“The Iron Throne” script gives more insight into why Bran was chosen as king

The script for the Game of Thrones series finale, “The Iron Throne,” is nominated for an Emmy for Outstanding Writing in a Drama Series. That means you can read the whole thing online!

We’ve already been busy mining the script for further insights into the final season, but there’s still more to do. In particular, I was interested in the parts of the script that gave explanations for some scenes where the intent wasn’t fully clear onstage. The best example of this, I think, is the scene at the Dragonpit where Bran is chosen as king.

On the show, the Great Lords of Westeros — including Yara Greyjoy, Edmure Tully and Gendry Baratheon — just kind of vote Bran as their leader after Tyrion gives a speech about how Bran has the best “story,” which…that’s it? That’s the basis on which a new king is chosen? On a show that made a lot of the political back-and-forth behind the scenes of great events, it felt lacking. In the script, we get a little more insight into why some of these characters are okay with Bran getting the top spot:

Edmure is still be miffed he wasn’t given serious consideration, but he expects he’ll have influence at court if his crippled nephew is ruling.


Gendry is happy to go along.


Yara has heard that her brother died defending Bran. She knows this choice would make Theon happy.

YARA: Aye.

Now, this doesn’t solve the problem completely — we have no idea why someone like Robin Arryn would vote for Bran, to say nothing of the unnamed new Prince of Dorne, but it would have been nice if some of this made it onscreen, because as played, it kind of looks like everyone is voting for Bran purely because the script wants them to.

The script also gives us a few new angles on the crucial scene where Jon Snow kills Daenerys Targaryen and Drogon burns the Iron Throne. To start, the script confirms that the white stuff in the throne room is indeed snow and not ash, which I don’t think the episode did a good job of selling; why wasn’t there any snow during “The Bells,” then?

But whatever. There’s also this bit of cut dialogue from Daenerys to Jon, right after she talks about how she imagined the Iron Throne to look as a young girl:

DANY: But many years later, I saw it. The real thing.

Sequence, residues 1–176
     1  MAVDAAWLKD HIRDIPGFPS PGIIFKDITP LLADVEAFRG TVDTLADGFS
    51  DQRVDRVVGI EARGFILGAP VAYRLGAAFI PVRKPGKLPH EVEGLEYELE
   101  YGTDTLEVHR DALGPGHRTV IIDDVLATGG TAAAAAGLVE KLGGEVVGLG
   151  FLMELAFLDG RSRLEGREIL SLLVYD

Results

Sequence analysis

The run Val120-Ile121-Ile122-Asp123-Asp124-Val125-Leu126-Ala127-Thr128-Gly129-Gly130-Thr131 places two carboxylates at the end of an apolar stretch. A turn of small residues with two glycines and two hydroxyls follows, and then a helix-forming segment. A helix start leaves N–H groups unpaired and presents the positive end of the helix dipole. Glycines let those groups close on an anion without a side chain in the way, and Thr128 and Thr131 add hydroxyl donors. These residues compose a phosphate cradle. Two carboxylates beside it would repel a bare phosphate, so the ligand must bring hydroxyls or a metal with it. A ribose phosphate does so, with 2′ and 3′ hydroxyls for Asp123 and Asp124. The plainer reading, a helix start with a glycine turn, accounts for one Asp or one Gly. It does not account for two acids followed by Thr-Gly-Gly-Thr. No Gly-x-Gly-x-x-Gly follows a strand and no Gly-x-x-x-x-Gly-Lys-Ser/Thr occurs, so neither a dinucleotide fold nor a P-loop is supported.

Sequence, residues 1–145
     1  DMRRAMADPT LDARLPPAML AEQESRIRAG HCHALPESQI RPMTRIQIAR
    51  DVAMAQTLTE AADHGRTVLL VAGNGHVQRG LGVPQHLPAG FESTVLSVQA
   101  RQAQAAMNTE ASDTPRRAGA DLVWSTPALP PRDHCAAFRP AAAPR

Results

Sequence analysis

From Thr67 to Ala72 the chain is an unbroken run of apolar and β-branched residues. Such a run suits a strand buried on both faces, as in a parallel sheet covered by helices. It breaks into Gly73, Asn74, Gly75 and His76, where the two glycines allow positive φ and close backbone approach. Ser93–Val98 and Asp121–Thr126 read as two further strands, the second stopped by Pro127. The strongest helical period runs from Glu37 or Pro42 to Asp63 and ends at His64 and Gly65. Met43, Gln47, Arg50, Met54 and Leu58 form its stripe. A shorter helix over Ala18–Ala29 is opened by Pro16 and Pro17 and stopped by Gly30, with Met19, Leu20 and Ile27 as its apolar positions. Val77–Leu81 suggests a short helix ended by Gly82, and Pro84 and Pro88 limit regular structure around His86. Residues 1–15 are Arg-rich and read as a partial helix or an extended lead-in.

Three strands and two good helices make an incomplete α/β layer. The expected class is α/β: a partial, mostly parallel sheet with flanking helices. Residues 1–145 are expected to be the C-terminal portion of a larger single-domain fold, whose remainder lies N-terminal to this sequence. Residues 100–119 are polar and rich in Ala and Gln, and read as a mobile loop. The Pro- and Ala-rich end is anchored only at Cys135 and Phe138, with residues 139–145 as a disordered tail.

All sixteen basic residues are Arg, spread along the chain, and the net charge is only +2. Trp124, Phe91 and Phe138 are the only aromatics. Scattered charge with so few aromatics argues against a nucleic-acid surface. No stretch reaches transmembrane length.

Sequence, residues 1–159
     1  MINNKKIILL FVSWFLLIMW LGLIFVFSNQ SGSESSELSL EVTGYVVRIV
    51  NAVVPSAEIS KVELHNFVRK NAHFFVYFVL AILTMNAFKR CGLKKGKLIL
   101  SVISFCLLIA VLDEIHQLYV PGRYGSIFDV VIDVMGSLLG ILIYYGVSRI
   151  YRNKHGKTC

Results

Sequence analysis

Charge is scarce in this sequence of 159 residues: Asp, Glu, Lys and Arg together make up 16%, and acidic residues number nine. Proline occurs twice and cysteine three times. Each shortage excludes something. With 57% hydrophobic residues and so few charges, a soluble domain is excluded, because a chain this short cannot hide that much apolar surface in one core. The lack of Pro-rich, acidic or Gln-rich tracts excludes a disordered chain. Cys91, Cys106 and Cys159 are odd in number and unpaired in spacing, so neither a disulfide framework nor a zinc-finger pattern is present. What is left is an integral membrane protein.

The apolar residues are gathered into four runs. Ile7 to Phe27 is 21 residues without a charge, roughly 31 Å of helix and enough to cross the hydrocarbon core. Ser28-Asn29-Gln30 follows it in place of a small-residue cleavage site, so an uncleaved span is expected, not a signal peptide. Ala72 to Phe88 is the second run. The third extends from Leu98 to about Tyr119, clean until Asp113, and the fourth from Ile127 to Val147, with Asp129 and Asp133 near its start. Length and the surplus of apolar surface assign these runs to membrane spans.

JON: How?

DANY: In a vision. The roof, the snow, the throne… (beat) It all looked exactly like this.

Daenerys is referring, of course, to the vision of the snow-covered Iron Throne room she had back in “Valar Morghulis,” the season 2 finale:

Why did they cut this bit? Maybe they thought didn’t need to be reminded of that earlier scene and would get there on their own — which, fair — or maybe they figured it wouldn’t make a lot of sense for Jon to inquire after Daenerys’ experiences in Qarth when what was really on his mind was her massacre of a city.

Moving on to Drogon, his burning of the Iron Throne always seemed deliberate, like on some gut level he was burning the object that put his mother on the path to her ruin. But in the script, it’s more like happenstance:

He looks down at Jon. We see the fire build up in his throat.

Jon sees it as well. He prepares to die.

But the blast is not for him. Drogon wants to burn the world but he will not kill Jon.

He breathes fire on the back wall, blasting down what remains of the great red blocks of stone. We look over Jon’s shoulder as the fire sweeps toward the throne– not the target of Drogon’s wrath, just a dumb bystander caught up in the conflagration.

We look through the blades of the throne as the flames engulf it, and blast the wall behind it.

Yeah, I’ll say right up front that I do not like this interpretation. Drogon burning the Iron Throne on purpose is the most interesting thing his character — such as it is — has ever done; reducing the throne to collateral damages robs the scene of much of its power, in my view. And if he wasn’t burning the thing on purpose, then you have to ask how it was that he sprayed fire randomly and just happened to concentrate it on the Iron Throne.

No. Boot.

Happily, the script isn’t the episode, just a blueprint. The episode itself is the text, and I’m free to stick my fingers in my ears, sing loudly, and keep interpreting this scene in the way that suits me.

Finally, although I could be wading into dangerous waters, I’ve got to comment on the part of the script where Arya asks Jon and Sansa “What’s West of Westers”?

Jon and Sansa look at each other. They both failed geography.

This bit has stirred up some ire online, with fans interpreting it as inconsistent with the rest of the show, or as insulting to the characters. Here are some of the funnier, gentler takes:

I know people are mostly just having fun here, but there’s some genuine incredulity, too, which I think is disingenuous at best. C’mon, internet: the line is obviously a joke, a cue to Sophie Turner and Kit Harington on what kind of facial expressions to make, written in a tongue-in-cheek style that is very much in keeping with the way Benioff and Weiss write. The script isn’t actually suggesting that Jon and Sansa took geography classes, or that they failed them, or that they’re stupid.

Okay, now that I’ve wagged my finger at you, please go back to making memes.

Next: HBO and Insight Editions present: ‘The Art of Game of Thrones’

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